Posted by: Martin Russell | September 20, 2011

Diaspora Strategies Conference Report

On the 9th and 10th Sept.  the Clinton Institute held a two day international conference on Diaspora Strategies: Encouragement, Evolution and Engagement. Bringing together leading academics, practitioners and policy makers in diaspora studies the conference began an ongoing discussion on how countries engage with diasporas and vice versa. Presentations came from across the world with participants from the United States, Canada, Australia, U.K., mainland Europe and Ireland.  The conference was organised by two of our PhD students, Martin Russell and Geoffrey O’Connor with funding support from the Graduate Schoolof the College of Arts & Celtic Studies.

The Friday sessions set the theoretical and analytical boundaries of the coming days. Discussions involved the definition of diasporas and their place in the world, the role of the Irish abroad, diasporas in U.S. foreign relations, and the role of diasporas in security and conflict. The first day was brought to a close with a plenary address by leading academic Prof. Gabriel Sheffer of the Hebrew University of Jerusalem. A worldwide commentator and analyst in the field, Prof. Sheffer provided a thought provoking and paradigm setting discussion on the theoretical conceptualisations on diaspora studies. With a particular focus on an innovative “four-sided” framework to diaspora engagement, developing beyond the more recognisable triangular hypothesis, Prof. Sheffer argued for the increasing importance of formal and informal networks to our understanding of how diasporas engage in mutliple ways both internally and externally with home and host countries alike.


Prof. Sheffer’s address set the tone for the Saturday sessions as the conference moved from an academic focus to more policy based discussions. Another plenary address, this time from Tim Finch – Director of Communications at ippr, opened up important policy debates on diaspora strategies. His well thought out and engaging discussion focused on the nature of the U.K.’s diaspora strategy. This assessment led to continued discussion on central components of effective diaspora strategy including motivations and outcomes. Additionally, other papers throughout the day bridged the gap between academia and policy with discussions on the role of social media in diaspora engagement and comparative analysis of international approaches leading the discussion.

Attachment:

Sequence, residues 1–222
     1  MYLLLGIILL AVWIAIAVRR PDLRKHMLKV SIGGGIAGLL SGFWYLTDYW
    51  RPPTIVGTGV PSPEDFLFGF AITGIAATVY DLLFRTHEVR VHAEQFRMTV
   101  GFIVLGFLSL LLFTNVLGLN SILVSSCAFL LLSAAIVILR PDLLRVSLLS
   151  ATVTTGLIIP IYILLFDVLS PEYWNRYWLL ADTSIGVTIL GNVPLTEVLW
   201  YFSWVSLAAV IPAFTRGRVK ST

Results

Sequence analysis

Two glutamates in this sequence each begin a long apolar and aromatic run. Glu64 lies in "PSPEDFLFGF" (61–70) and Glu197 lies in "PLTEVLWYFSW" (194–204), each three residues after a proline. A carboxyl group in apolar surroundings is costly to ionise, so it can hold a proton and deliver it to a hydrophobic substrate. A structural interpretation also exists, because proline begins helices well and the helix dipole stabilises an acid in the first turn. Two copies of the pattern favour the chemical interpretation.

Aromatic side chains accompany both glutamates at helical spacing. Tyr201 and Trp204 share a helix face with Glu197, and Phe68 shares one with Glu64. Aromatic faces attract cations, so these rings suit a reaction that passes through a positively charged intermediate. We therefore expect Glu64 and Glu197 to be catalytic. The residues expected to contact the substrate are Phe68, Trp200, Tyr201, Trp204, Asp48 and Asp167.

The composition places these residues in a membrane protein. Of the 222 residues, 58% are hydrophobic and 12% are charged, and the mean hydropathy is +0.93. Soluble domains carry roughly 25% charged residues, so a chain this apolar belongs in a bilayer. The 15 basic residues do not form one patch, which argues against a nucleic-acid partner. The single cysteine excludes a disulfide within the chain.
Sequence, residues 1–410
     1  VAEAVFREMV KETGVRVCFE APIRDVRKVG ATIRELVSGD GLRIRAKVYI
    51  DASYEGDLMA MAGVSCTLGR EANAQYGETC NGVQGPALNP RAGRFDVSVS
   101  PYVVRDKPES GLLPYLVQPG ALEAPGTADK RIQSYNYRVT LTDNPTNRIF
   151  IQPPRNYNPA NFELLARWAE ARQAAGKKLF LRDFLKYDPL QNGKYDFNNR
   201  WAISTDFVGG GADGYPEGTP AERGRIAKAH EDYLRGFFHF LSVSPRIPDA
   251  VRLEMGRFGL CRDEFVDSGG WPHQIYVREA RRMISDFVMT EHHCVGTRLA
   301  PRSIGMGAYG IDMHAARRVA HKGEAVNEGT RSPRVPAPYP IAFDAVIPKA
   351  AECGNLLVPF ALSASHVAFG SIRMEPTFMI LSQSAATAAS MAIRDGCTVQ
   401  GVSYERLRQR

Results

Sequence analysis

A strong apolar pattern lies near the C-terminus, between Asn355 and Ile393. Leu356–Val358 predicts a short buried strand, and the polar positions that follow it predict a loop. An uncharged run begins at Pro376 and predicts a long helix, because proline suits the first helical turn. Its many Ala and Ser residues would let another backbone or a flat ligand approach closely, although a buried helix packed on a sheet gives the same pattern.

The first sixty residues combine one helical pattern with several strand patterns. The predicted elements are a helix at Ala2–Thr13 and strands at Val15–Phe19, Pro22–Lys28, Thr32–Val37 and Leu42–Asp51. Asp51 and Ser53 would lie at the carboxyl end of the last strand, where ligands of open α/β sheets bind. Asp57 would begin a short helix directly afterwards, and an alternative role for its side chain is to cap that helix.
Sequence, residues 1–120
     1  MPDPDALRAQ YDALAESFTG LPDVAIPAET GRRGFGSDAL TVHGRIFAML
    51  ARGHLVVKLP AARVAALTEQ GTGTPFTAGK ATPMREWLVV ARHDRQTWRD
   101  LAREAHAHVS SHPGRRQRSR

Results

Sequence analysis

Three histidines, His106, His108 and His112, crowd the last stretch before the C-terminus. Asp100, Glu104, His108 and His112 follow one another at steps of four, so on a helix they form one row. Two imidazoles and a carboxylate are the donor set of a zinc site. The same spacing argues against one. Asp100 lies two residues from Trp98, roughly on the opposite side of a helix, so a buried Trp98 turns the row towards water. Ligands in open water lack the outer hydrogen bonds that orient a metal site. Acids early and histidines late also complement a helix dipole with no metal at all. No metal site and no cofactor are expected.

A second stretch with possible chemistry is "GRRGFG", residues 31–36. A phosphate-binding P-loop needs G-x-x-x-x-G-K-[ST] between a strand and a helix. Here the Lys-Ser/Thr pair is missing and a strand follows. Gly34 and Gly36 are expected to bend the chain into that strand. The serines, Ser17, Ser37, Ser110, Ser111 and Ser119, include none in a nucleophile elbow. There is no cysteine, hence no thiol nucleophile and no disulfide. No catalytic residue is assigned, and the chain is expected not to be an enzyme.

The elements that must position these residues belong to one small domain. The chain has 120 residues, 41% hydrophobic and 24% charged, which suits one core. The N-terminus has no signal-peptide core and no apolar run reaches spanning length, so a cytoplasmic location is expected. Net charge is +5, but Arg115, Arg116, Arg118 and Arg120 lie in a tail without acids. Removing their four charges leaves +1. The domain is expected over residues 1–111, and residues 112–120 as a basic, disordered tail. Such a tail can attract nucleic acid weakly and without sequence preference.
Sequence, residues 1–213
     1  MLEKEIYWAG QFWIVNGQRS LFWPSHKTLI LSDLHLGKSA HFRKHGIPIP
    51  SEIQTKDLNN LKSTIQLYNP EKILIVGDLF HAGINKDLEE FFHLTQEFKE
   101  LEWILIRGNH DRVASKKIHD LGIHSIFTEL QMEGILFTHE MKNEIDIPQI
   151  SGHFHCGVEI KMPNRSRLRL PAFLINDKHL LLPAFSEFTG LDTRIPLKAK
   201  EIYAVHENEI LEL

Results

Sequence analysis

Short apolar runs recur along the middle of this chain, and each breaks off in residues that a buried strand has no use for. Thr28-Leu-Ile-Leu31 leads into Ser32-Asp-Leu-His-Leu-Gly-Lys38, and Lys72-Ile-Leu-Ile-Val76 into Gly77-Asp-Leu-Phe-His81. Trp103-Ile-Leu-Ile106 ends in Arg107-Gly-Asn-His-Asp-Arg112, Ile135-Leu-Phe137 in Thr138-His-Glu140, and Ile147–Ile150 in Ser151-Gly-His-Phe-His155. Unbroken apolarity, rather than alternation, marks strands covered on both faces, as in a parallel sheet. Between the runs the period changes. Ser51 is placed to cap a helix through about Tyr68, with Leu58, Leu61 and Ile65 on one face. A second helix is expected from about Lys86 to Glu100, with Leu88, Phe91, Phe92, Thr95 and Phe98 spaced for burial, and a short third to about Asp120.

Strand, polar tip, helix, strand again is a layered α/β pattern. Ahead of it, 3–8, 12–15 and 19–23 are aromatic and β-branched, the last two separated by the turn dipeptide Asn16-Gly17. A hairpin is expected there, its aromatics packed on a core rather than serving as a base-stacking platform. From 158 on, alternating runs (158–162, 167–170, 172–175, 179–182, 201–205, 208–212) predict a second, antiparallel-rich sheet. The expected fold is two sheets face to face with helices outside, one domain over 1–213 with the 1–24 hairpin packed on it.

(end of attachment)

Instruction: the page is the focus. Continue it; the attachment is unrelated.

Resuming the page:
The conference came to a close with an engaging and lively presentation by Kingsley Aikins, founder of Diaspora Matters. Mr. Aikins brought together years of personal experience and expertise in an articulate and passionate address about the role that diaspora strategies can play in contemporary Ireland. Again, his address spoke of the emerging importance of networks to such processes. His address was followed by engaged audience participation which helped to bring together many of the overriding debates of the previous two days. Shortly after his address, Mr. Aikins participated in a roundtable discussion with the other plenary speakers and Nicola White, co-author of the Global Diaspora Strategies Toolkit. The roundtable provided heated debate on what diaspora strategies arguably could or should look like with particular interest on questions of nation branding, communication and diaspora-homeland relations. Perhaps the greatest indication of the depth to the conference is represented by the fact that what began as an academic conference concluded with engaged discussions that will be beneficial to not only the academics in the auditorium but also to the practitioners and policymakers, quite an achievement in 48 hours.


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